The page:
In her book “Bipolar Disorder: My Biggest Competitor,” Gamble — an Olympic athlete and John Marshall High School basketball All-American who played on scholarship for the late Pat Summitt’s Tennessee Volunteers — describes her descent into mental illness, which began during her freshman year of college.

The self-published book was released last week and by Thursday had hit No. 1 in Amazon’s bipolar disorder category.

Gamble tells how the illness, which also affects her mother, pitched her head first into a nightmare of highs and lows. While it robbed her of her dreams of playing Division 1 ball, it also helped vault her to the U.S. Olympic handball team, which led to traveling the world and competing at the 1988 Seoul Olympics. She was a top performer in sales for Merck, the pharmaceutical giant, but ironically her untreated illness plunged her to the bottom rungs of society. She became stuck in a revolving door of mental hospitals, doctors’ offices and even jails across the U.S., discovering deep-rooted deficiencies in the systems that are supposed to help the country’s most vulnerable citizens.

At the scariest point, she found herself wandering aimlessly at night in a snow-covered mountain forest on the Montana/Idaho border with only moccasins on her feet and a sweatshirt to keep her warm. She was hopelessly lost, freezing and not in her right mind.

“I am blessed to have survived,” said Gamble in her Wheeling office located in the Youth Services Systems building. After moving home and finally receiving the proper care, she is now the part-time executive director of the National Alliance on Mental Illness Wheeling chapter.

She is a mental health advocate, speaking to more than 4,000 people in the past two years to raise awareness and provide skills to link people to resources. Most of all, she wants to give people hope that recovery is possible. She hasn’t had an episode of psychosis in five years.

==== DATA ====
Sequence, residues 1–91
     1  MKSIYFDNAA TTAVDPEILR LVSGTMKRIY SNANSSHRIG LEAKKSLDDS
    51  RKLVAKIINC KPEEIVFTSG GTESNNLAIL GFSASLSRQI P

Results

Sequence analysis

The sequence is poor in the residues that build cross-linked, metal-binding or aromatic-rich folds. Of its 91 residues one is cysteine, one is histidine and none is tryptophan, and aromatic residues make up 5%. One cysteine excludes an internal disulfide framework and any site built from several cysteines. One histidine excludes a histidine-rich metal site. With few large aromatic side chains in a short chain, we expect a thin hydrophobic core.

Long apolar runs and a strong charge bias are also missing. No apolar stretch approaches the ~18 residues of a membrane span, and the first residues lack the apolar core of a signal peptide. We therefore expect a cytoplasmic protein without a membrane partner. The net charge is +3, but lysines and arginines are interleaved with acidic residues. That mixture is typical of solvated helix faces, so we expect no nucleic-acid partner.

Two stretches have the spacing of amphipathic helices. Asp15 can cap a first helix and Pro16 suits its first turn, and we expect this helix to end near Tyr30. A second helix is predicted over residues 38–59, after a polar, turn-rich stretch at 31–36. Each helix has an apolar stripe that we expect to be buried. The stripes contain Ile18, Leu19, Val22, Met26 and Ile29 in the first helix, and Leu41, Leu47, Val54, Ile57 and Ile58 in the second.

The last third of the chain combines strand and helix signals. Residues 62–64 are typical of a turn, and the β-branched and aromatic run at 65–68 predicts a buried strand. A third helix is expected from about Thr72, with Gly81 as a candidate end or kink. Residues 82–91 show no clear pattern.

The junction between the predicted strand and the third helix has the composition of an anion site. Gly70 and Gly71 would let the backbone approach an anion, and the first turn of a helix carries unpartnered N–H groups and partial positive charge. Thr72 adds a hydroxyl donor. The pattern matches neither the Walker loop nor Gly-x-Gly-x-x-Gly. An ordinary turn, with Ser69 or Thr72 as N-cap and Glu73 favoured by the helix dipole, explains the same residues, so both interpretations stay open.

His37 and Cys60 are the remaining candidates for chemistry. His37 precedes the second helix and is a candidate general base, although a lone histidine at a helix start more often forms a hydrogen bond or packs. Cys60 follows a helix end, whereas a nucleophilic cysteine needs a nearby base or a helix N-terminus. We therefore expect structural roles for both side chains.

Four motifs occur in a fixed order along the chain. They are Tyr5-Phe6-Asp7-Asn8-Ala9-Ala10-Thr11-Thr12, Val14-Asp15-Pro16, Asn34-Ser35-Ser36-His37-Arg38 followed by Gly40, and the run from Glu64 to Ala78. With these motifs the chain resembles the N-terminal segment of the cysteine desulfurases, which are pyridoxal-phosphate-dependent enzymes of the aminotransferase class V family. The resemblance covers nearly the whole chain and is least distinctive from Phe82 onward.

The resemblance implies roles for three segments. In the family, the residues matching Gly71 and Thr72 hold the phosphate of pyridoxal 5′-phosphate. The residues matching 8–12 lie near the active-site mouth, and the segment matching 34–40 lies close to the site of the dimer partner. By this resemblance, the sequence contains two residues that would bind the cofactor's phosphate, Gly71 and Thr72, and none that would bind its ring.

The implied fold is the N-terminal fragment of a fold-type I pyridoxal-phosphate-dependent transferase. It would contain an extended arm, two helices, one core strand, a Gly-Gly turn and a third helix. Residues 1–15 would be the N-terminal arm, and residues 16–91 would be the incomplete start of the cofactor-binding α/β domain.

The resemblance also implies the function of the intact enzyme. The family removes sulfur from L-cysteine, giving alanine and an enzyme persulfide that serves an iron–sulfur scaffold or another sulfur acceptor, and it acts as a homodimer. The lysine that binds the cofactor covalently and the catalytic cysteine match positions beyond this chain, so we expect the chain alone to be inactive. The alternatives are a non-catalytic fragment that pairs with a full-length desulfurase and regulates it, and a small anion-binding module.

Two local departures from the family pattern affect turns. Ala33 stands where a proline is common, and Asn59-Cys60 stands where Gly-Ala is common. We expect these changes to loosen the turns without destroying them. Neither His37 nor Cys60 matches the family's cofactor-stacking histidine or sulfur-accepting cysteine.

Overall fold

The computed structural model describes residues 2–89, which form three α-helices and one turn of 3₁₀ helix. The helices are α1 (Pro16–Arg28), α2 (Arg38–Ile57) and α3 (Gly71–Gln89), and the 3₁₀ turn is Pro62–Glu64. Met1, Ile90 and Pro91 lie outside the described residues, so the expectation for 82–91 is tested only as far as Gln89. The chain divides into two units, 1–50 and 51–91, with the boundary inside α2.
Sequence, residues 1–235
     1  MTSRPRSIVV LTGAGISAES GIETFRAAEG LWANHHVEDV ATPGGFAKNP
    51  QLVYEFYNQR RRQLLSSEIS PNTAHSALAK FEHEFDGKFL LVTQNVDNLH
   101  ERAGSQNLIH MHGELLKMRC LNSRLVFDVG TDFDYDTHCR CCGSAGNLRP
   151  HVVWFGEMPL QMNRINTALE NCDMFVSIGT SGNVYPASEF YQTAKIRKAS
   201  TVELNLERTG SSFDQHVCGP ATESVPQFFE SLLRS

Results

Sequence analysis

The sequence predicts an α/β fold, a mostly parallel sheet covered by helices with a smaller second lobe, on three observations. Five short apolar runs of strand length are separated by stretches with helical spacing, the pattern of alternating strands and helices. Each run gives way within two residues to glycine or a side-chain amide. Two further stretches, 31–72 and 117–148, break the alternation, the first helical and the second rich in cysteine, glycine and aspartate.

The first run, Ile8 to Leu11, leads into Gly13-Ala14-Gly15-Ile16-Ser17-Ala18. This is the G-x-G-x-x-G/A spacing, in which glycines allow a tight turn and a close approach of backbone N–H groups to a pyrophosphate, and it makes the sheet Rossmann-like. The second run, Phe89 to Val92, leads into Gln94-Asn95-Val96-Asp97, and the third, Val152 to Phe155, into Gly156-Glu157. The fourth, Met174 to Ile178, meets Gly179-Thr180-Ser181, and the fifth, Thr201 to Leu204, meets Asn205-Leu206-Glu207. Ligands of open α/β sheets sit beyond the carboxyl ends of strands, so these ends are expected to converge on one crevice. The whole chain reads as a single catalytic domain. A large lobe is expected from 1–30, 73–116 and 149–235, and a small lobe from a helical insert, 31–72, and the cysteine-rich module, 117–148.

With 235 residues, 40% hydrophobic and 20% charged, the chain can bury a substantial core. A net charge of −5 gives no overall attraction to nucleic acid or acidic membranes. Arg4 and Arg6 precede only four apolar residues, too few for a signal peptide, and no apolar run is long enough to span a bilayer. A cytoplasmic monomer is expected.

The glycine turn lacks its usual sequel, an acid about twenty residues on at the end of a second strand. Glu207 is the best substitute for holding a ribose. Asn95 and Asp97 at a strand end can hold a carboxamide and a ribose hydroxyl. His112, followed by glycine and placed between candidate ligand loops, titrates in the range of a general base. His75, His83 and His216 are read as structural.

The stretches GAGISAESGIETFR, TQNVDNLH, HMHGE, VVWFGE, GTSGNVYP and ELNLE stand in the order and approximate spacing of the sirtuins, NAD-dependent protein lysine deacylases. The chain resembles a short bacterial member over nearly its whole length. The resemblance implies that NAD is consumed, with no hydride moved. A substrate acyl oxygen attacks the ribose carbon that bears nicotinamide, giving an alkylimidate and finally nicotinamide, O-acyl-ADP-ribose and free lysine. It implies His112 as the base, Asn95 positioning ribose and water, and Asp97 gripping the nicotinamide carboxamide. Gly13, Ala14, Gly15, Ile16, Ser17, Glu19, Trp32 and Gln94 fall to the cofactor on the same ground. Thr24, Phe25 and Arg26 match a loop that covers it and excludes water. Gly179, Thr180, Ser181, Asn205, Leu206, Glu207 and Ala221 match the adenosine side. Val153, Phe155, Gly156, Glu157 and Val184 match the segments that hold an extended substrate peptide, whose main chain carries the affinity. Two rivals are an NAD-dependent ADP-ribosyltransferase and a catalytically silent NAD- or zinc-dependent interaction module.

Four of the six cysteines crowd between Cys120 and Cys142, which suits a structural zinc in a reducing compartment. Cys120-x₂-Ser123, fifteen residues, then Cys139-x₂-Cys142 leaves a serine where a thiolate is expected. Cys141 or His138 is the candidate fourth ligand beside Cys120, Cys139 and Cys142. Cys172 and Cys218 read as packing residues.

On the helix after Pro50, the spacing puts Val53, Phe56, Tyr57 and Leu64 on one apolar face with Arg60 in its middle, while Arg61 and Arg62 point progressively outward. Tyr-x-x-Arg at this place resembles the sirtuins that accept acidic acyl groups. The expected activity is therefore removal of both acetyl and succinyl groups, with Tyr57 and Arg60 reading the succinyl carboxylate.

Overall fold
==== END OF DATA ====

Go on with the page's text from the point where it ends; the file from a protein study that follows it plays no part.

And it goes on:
“I think it was a miracle, quite honestly. I’m supposed to be here. I’m supposed to help people,” Gamble said.


“I don’t love anything about bipolar disorder” is how she opens her book’s second chapter. Some people, she notes, say the manic stage of bipolar helps them achieve more than they ever could while stable. Others say they do their best creative writing during their depressive episodes. Later in the book she acknowledges she benefited at times from her hypermanic episodes, but the severe depression she experienced was horrific.

“I would trade all my athletic achievements and experiences for the chance to have had a life without the hardships caused by bipolar disorder,” she writes.

The hardest times usually came during and after what she describes as a psychotic episode. For her, the episodes occurred during a period of severe depression or mania. These were the times she was out of control, experiencing delusions and hallucinations. This is when her run-ins with the law occurred and when she truly was a danger to herself and others.

While these experiences stand out because of their severity, the daily havoc wreaked by her untreated illness took its toll in many ways — on her relationships, family, career, physical health and bank account, for instance. She has dedicated the book to her mother, her biggest fan, who always supported her. In the book, she also extols the virtues of her four-legged friends who always loved her unconditionally and stayed by her side.

“I cannot say enough good things about pets,” she writes. She currently shares her childhood home in Sherrard with her mother, her dog, Brownie, and her cat, Mr. Kitty.

Once she acknowledged she needed help, Gamble unfortunately was put on an inadequate treatment plan by a Pittsburgh psychiatrist whose name she changed in the book (although many other names she retains, including her siblings and friends, such as Libby Cosmides of Wheeling and pastors Tim and Linda Seidler of The Experience Church). She writes that she received therapy from 2005 to 2011 but only got worse during that time.